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The Confusion Over the Difference Between Vaccinization and Immunization

There can be considerable confusion about the difference between vaccinations and immunizations. This is largely due to the many doctors, hospitals, and medical articles that use the two words interchangeably. I have even been guilty of this. A vaccinization isn’t the same as an immunization, though.

Vaccination is the act of giving a vaccine, nothing more. Often, this is done by giving a shot. The vaccine is meant to lessen the chance of getting an illness and to decrease the impact of the illness if the individual does contract it.

Immunizations are also often done by injection, but the purpose is to infer immunity against an illness or disease. 

In a recent article about the measles outbreak in the US in 2019, I may have used both terms, partly because the medical community often uses the terms interchangeably. To be correct, though, I should say that a shot for the measles is a vaccination, it is rarely an immunization.

The measles vaccine is made in the laboratory using a weakened strain of measles. When a person is injected with the vaccine, the normal response for the immune system is to create antibodies to destroy the invading measles virus. For a time afterward, the person’s chances of contracting measles decreases. The same would be true if a person came down with the measles and then recovered. 

However, for most people, a single shot of the vaccine doesn’t make them immune from getting the measles. Even if a series of shots are given over time, they still aren’t immune from measles. Therefore, what they receive is a vaccination, not an immunization. They can still get the measles, there is just a decreased chance of it happening.

Flu shots are another common example of vaccination. There are many strains of the flu. Each year, medical scientists try to figure out which two to four strains are the most likely to be an issue that year. The vaccine for each strain of flu takes about two-thirds of a year to produce. If they guessed wrong, the flu shot won’t be effective against the strain of flu that is prevalent when flu season is at its peak. Even if they are right, a vaccinated person can still get that kind of flu. They aren’t immune from it, so they don’t receive immunizations, they receive vaccinations.

In the case of measles, most people recover from the disease if they get it. However, not all people recover. The measles vaccine was developed in 1963. The previous year, 1962, as many as 4 million people in the US were diagnosed with the measles. Of those, 48,000 were hospitalized. About 500 people died from the disease, or rather, usually because of secondary infections. If 4 million people got it and only 500 died from it, only a very small percentage of people died from measles.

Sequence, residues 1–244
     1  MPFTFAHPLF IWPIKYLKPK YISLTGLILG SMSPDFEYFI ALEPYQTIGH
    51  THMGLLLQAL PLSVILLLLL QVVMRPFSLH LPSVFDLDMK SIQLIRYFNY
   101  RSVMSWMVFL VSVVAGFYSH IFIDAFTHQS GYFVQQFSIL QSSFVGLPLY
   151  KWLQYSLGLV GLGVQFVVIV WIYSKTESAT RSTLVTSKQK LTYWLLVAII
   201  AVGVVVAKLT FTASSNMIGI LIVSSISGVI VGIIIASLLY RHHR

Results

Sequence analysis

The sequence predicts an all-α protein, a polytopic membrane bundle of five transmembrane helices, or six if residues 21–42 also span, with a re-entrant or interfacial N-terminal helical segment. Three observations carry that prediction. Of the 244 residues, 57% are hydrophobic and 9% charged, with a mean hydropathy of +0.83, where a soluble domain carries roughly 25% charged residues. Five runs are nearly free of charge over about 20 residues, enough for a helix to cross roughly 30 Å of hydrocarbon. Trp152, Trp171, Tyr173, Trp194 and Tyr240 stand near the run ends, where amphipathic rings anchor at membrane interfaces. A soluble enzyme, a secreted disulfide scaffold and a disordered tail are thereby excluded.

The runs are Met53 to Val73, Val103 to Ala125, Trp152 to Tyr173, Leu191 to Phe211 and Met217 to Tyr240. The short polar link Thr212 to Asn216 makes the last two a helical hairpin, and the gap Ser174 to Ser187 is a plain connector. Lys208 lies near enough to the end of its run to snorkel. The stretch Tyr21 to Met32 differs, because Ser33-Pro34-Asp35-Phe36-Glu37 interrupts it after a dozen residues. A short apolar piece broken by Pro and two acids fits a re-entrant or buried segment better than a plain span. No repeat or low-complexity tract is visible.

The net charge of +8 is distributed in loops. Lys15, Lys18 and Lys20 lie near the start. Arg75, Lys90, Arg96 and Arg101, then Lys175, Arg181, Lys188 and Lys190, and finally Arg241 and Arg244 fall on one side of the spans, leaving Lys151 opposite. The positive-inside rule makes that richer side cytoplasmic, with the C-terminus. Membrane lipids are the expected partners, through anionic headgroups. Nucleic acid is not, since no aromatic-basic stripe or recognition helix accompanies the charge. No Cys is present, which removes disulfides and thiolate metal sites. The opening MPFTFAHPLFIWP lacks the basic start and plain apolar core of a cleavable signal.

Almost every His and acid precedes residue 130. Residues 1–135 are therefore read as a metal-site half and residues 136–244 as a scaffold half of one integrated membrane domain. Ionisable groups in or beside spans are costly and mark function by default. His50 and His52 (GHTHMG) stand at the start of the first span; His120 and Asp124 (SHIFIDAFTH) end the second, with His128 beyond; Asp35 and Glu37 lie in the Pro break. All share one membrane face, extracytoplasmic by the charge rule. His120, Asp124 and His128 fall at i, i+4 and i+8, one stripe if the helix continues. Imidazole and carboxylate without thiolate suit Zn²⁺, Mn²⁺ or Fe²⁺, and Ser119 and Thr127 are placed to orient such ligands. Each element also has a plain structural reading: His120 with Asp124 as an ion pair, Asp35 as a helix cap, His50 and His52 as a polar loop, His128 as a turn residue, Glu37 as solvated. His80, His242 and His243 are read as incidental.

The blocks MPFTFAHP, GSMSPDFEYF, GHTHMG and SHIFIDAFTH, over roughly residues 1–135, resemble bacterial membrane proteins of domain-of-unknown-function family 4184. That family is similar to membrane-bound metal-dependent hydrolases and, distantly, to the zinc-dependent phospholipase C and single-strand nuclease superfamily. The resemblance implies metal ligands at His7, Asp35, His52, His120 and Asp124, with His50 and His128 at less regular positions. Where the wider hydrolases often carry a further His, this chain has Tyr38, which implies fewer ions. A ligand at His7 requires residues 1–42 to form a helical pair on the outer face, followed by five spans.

After the vaccine was developed, even fewer people died. However, death did occur in some. Young children are the most impacted by measles. According to the CDC, about 1 in 20 children with measles develop pneumonia, which is life-threatening and can be deadly. Many more are left with partial or complete deafness and they can have other similar problems. Vaccinizations are still the best way to control outbreaks of measles, but they are vaccinizations and not immunizations. 

Though the two terms will probably continue to be used interchangeably, there is definitely a difference between a vaccinization and an immunization. Words do mean things.

What do you think?

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Written by Rex Trulove

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  1. It’s true, some vaccines are indeed ineffective.
    It can happen as a whole, because the body won’t create antibodies for a certain pathogen, or an individual series of vaccines that simply are unable to cause an immune response.
    To be honest, I’ve been questioning vaccinations, but I’m not an extremist.
    The best way to avoid infections is to pay attention to hygiene and avoid overcrowded places. In fact, intensive farming forces the animals to get vaccinated. Yet, new strains are created. I think it’s Mother Nature attempting to fix something wrong (overcrowding is not good), but that’s just my own belief, not something I can prove.

    • The shot I got after having the measles amounted to mostly a booster shot. The theory is that the more shots a person has in the series, the less likely they are to get the measles. Since I did get the measles, the illness was sort of treated as if it was a shot. It actually makes sense because when you are injected with a weak strain of the measles, you actually do have the measles, even if there are no symptoms.

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